I reported what he had said later over my blog. Willingham caught wind of it, and his response was to deny over Twitter he had ever said such a thing, despite the roomful of witnesses who had heard him. I suppose he must have felt secure that no one would care to back me up. He was a comic book big shot and I was just some girl. He could get away with the lie. The readers of my blog believed me, and one of them even tried to write about it; but in the face of overwhelming opposition, all we could do was write it off as just another awful day of being a feminist comic book fan.

I suppose what kept me going after that was that as repugnant as Bill Willingham was, there were professionals in the industry I trusted. Gail Simone, the woman who had coined the “Woman in Refrigerators” term, was pretty much DC’s only female writer, but she was an open feminist who wrote women consistently well and actually talked to her fans online. She was only one woman, but I considered her “one of us” and held out hope she and people like her could change the industry from within.

But even Gail seemed to be toeing the company line after a while. She defended the blow-up doll art on one of her books by saying the artist’s style was “sleek and sexy”. She started claiming the trend she had named was mostly dying out now, though I saw absolutely no evidence of this. When people criticized something she wrote, she was always quick to remind us she was one of the most progressive in the industry. “Yeah, but in the comics industry, that’s not saying much,” a fan replied. I still liked her, but I was more wary than I had been before.

My trust in her was shattered completely when a “reboot” of DC Comics meant that Barbara Gordon, the only disabled hero in comics, was going to be “fixed” so she could return to her “iconic” status of Batgirl. This meant that this character was leaving her unique identity as the independent team leader Oracle to go back to being a distaff counterpart of Batman, and that put all of the other women who had taken on the Batgirl role (both Stephanie Brown and Cassandra Cain, by amazing coincidence) out of a job, and they promptly disappeared from the comics entirely. Gail defended this erasure of a disabled character even though it also meant the erasure of other female characters. She was even going to write the new Batgirl title. Gail might not have had a choice. It was entirely possible she secretly opposed the decision, but felt since they were going to do it whether she liked it or not, she might as well be the one to write it. But her support lent legitimacy to the move, since people saw her as an ally and it seemed like a ploy by the company to quell the protest. It was clearer to me than ever that Gail was not allowed to be truly honest with her fans.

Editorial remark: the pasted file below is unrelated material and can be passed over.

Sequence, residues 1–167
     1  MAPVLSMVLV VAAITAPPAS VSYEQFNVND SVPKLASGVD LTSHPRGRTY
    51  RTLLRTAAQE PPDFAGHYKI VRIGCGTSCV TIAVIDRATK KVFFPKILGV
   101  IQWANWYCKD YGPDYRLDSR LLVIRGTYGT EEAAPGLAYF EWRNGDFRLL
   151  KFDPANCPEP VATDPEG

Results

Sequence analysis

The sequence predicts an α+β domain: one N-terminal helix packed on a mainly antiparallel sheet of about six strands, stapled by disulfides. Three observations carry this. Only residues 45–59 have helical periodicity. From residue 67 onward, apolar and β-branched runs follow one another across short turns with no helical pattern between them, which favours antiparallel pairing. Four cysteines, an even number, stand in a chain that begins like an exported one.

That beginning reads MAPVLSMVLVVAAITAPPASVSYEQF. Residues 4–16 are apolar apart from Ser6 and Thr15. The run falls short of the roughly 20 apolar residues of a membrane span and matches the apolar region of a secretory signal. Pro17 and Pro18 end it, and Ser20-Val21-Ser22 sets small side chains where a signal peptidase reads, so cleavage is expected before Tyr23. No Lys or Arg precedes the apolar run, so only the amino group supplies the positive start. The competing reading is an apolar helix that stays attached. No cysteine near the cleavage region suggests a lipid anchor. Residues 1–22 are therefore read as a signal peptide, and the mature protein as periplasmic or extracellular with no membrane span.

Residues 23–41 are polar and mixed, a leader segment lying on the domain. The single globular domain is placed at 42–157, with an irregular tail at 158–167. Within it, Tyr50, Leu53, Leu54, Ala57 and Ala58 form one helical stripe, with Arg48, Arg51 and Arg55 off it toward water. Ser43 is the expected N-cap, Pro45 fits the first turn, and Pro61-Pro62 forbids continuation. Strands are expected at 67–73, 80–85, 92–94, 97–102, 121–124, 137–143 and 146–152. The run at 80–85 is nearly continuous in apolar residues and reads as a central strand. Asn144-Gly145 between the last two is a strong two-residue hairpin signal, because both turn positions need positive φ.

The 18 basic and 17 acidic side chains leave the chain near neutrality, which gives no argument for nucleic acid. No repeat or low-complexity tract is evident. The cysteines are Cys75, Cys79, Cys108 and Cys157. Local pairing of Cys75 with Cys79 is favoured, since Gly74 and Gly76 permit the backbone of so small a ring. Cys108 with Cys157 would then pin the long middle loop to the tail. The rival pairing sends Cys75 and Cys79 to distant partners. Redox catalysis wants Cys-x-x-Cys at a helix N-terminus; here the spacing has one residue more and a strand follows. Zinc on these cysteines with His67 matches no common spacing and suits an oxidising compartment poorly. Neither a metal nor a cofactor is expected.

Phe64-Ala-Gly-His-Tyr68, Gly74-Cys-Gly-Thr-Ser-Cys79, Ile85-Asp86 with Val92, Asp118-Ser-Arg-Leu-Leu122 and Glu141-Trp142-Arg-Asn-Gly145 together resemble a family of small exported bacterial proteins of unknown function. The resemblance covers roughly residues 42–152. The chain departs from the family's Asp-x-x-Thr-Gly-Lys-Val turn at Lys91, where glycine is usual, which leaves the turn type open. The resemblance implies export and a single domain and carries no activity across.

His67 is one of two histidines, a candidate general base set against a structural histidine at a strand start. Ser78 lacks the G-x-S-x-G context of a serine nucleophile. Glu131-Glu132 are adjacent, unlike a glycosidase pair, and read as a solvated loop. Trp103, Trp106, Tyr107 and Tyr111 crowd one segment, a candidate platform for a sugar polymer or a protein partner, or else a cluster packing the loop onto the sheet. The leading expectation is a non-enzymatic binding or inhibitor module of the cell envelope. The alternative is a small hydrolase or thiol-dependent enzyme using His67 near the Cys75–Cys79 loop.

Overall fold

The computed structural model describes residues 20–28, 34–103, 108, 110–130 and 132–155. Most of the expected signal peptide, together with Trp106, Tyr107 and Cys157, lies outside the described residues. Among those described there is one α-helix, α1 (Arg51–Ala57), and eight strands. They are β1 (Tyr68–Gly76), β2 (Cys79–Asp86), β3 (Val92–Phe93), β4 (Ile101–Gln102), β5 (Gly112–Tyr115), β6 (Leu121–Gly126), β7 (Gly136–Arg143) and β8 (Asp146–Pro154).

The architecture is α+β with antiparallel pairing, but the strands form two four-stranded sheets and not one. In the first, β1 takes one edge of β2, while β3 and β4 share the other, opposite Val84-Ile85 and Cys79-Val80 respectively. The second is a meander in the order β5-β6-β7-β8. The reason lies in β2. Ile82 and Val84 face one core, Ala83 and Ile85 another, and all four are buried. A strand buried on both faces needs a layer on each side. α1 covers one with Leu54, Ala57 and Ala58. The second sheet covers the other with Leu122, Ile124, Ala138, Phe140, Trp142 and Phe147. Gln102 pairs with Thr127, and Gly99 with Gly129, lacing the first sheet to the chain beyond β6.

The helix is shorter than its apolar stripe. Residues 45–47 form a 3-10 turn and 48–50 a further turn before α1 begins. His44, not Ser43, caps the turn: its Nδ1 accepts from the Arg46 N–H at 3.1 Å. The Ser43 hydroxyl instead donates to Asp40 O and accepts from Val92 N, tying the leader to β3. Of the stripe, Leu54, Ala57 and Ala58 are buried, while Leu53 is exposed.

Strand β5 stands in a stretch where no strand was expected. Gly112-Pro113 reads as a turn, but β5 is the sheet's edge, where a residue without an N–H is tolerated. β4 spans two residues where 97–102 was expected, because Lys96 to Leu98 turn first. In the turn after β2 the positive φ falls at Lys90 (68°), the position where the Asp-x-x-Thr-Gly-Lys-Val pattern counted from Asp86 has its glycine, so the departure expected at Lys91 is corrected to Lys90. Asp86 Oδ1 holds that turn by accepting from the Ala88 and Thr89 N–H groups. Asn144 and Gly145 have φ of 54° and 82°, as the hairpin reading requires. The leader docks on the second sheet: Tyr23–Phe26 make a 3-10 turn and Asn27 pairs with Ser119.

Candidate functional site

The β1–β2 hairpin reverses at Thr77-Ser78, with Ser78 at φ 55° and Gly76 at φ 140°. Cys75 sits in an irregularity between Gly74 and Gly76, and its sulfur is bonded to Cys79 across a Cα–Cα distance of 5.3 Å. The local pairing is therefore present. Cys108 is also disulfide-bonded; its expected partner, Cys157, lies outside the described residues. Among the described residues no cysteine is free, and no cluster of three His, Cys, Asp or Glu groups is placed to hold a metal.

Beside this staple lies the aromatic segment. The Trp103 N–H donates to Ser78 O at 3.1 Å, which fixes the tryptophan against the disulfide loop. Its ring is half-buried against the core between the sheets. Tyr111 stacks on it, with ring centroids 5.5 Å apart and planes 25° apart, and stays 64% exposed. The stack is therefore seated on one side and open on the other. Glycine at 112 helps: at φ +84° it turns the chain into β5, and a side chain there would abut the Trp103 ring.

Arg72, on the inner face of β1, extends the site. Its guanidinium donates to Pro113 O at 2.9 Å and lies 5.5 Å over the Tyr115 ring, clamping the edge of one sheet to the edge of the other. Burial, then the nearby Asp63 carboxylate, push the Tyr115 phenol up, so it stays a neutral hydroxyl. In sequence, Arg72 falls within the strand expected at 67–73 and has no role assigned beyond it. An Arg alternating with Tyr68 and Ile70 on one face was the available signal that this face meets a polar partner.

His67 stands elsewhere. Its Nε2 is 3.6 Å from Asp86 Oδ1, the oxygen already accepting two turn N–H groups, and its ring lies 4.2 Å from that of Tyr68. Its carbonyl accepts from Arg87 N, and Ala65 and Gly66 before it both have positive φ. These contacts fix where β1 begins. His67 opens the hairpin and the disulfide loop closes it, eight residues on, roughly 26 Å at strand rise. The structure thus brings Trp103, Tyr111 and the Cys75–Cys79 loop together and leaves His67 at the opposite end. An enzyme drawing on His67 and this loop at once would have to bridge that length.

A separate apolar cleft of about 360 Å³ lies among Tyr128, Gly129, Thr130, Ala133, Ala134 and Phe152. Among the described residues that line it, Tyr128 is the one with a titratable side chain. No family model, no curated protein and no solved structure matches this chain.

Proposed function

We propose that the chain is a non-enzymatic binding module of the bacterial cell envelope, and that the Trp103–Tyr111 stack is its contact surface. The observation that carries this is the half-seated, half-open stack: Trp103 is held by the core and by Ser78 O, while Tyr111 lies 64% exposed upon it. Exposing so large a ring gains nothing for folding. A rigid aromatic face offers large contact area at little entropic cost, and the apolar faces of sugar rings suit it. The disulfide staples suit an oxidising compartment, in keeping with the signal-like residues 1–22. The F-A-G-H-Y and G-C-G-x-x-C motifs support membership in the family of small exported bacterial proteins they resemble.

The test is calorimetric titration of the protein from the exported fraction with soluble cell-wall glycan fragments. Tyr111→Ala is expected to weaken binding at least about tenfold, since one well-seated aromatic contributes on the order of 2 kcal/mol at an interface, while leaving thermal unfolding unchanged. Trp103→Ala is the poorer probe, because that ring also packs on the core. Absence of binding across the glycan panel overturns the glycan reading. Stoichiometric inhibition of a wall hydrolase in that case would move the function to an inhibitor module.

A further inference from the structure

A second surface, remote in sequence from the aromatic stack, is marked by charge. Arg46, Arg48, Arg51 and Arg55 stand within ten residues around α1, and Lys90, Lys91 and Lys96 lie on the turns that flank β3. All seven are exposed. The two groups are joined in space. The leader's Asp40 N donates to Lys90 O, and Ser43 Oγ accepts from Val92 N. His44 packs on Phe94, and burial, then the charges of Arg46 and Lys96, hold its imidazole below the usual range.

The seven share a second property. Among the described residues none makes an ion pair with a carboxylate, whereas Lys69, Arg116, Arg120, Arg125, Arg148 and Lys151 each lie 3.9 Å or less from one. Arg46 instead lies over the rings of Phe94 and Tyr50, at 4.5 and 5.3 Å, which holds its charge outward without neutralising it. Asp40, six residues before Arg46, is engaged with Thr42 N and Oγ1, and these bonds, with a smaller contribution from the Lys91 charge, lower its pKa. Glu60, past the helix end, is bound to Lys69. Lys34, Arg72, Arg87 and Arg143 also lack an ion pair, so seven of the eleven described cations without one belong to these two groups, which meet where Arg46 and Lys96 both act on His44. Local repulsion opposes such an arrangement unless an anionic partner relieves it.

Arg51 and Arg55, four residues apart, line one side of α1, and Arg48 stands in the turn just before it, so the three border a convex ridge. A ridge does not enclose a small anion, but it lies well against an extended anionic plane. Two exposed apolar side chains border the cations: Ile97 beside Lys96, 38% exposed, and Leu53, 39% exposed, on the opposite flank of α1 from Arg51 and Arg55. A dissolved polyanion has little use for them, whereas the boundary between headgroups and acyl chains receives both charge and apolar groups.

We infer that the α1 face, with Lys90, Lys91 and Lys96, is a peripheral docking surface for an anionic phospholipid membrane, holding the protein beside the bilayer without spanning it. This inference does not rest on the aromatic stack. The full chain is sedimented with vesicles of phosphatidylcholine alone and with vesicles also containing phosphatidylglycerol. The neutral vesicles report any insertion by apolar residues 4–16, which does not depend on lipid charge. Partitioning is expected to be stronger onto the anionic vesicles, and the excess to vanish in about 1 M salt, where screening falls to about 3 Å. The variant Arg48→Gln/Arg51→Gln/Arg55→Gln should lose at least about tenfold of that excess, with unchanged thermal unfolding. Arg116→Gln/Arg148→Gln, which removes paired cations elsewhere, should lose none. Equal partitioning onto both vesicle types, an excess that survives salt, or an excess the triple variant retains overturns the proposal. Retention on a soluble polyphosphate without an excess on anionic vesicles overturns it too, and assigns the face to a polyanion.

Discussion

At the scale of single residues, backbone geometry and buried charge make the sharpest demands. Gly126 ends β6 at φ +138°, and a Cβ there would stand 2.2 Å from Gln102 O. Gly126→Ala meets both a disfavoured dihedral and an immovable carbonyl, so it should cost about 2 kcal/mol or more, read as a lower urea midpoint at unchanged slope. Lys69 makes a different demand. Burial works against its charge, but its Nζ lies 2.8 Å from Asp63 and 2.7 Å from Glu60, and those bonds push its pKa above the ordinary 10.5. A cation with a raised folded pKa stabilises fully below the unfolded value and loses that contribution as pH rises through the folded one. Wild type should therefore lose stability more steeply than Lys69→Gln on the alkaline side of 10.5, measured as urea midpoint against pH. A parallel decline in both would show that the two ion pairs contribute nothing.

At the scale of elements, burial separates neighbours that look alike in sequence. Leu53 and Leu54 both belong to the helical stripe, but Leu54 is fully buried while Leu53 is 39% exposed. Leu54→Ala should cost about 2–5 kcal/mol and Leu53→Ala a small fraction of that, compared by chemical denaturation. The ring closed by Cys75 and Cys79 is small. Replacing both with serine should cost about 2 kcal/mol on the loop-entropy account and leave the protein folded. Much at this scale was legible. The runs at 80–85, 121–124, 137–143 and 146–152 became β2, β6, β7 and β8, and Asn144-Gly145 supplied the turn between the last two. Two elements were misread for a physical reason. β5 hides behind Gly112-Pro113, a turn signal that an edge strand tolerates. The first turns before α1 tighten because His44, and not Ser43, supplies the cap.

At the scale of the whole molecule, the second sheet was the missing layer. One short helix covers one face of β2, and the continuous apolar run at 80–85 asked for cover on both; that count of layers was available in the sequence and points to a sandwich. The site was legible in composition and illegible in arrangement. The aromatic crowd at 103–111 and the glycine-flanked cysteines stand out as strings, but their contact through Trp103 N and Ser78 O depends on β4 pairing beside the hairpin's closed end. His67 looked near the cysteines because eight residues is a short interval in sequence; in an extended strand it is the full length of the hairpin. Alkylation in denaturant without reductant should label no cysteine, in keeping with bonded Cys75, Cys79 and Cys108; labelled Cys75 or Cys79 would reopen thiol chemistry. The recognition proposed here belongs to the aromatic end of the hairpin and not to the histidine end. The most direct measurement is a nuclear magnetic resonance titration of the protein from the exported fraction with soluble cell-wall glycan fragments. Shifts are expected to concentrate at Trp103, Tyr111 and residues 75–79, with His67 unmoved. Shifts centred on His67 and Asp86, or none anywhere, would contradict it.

I felt as if the last thread connecting me to comics had been snapped. Why was I still doing this? I was giving them my money when they gave me back nothing but scorn. It was all under the pretense of “not giving up” because I deserved to enjoy these characters and deserved to believe the industry could change. I liked to feel like I was “fighting them.” But Gail Simone had “fought” them too, only to become one of them in the end. Would that happen to me if I kept buying? These people didn’t deserve me as a customer.

So I broke away. I still loved the art form, so I drifted more towards manga. Manga are Japanese comics. They cover a wide variety of genres and the artists typically work separately and generally have creative control over their own storylines. There was still a lot of sexism, but the wider range of titles allowed me to avoid the worst of it and find some pretty feminist stuff, and I didn’t feel as suffocated by an insular, inbred industry. It was nice to read titles like Sailor Moon, where the women were superheroes in no danger of being fridged for male angst, because the story was really all about these women and there were no “more popular” male heroes for their characters to be sacrificed at the altar of. There were also a lot more female artists to discover—I didn’t have to pin my hopes on one “Gail Simone.”

I still go to the comic book store and keep in touch with the community. I’ll never give up my Wonder Woman shirt. I love the characters and I love the potential of comics. I have my own idea for a superhero epic and if I can find a talented artist or improve my own skills, maybe I can publish it myself someday. I may have let the boys have their clubhouse, but it’s falling apart on them. I can work on building my own, and when it’s done, I’ll invite everyone in.

Caitlin Donovan was born and raised in Asheville and is currently pursuing a major in Creative Writing and a minor in Women, Gender and Sexuality Studies at UNC Asheville. Caitlin works as an editorial intern for The Great Smokies Review and as an editor for Headwaters Creative Arts Magazine. “The Misadventures of Comic Book Girl” was published in the 2012 edition of Headwaters along with her short story “The Blank Space” and her poem “Pale Girl.” “The Misadventures of Comic Book Girl” won the 2012 Wilma Dykeman award for Creative Nonfiction.

About The Misadventures of Comic Book Girl–I have been passionate about both social justice and the art of storytelling for as long as I can remember. I wrote this because I believe that popular culture and the communities that celebrate it hold up a mirror to the larger truths about our society. I believe a light should be shone on both the positive experience of joining with others to celebrate human creation and the little-known exclusionary and problematic aspects of these communities. I only hope my piece can help open some eyes about these little known experiences that speak of a much larger issue.